Georgian mythology

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Mingrelian traditional costumes (1881).jpg
Ancient Kartvelian people
History of Georgia

Georgian mythology refers to the mythology of pre-Christian Georgians.

Georgian myths and legends are preserved mainly as popular tales. Many of them have eventually fused with Christian legends after the Christianization of Georgia seventeen centuries ago.

List of mythic characters[edit]

A non-exhaustive list of Georgian mythical characters includes:

  • Armazi - Chief of the gods; central figure in Kartli’s (Iberia) official religion established by King Pharnavaz of Iberia (4th century, BC). According to the legend, an immense statue of Armazi was destroyed by lightning after St. Nino’s prayer. Armazi is also the name of an ancient fortress near Mtskheta that dates from the same period.[citation needed]
  • Baaduri - warrior, son of the Gods, enemy of all evil.
  • Dali - goddess of the hunt and 'lady of stones and animals'. She was believed to be a temptress and to have many love affairs with hunters brutally killing the traitors. Also called Deyla or Dalila.[citation needed]
  • Devi - giants, usually believed to be evil beings.
  • Gatsi and Gaimi - gods in the official Iberian pantheon according to the medieval annals.
  • Iakhsari - mythic hero, was a son of Morige and a close friend of Baaduri.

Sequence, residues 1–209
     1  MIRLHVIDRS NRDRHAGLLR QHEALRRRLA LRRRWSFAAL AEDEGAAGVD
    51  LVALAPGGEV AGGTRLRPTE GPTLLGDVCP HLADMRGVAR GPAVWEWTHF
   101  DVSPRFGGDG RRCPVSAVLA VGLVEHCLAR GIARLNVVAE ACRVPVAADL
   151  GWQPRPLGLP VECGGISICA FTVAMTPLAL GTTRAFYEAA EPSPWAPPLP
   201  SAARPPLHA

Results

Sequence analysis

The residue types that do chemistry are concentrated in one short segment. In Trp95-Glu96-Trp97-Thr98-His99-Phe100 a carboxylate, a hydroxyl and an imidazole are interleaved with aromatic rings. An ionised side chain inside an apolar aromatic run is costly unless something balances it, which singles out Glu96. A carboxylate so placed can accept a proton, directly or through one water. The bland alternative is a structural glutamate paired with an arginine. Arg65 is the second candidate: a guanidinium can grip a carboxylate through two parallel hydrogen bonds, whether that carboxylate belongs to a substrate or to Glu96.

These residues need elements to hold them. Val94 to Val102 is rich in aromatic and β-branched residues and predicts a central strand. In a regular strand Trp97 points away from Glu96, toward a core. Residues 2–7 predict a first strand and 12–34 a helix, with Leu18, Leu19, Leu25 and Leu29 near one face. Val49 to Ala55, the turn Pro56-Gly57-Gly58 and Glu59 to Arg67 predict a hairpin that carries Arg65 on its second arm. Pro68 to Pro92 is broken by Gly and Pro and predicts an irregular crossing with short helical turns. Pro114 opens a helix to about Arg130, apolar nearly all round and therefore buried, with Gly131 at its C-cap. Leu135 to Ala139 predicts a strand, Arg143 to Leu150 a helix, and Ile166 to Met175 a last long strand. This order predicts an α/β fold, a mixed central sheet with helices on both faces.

• Kopala - mythic hero, mighty warrior (archer) and a demon killer.
  • Lamara - goddess, was called ‘eye of the earth’.
  • Leucothenia (White Goddess) - Greek name for Georgian (Kolkheti) goddess of sea.
  • Morige - creator, the Lord of the Sky sitting on a golden throne.
  • Mzekala (Sun-woman) - Sun goddess, patroness of grape growing. Later identified with St Barbara (Barbare, Barbale in Georgian).[citation needed]
  • Ochopintre - spirit of the forest and protector of wild animals.
  • Pirkhusha - smith, making Kopala’s arrows.
  • Tamar - goddess of the sky, riding on a snake; is identified with Lamara.
  • Tetri Giorgi (White George) - popular character in Georgian mythology; a warrior and a moon god. Later Tetri Giorgi became one of the names of St. George in eastern Georgia.[citation needed]
  • Zadeni - god of fertility in the official pantheon established by Pharnavaz I.

See also[edit]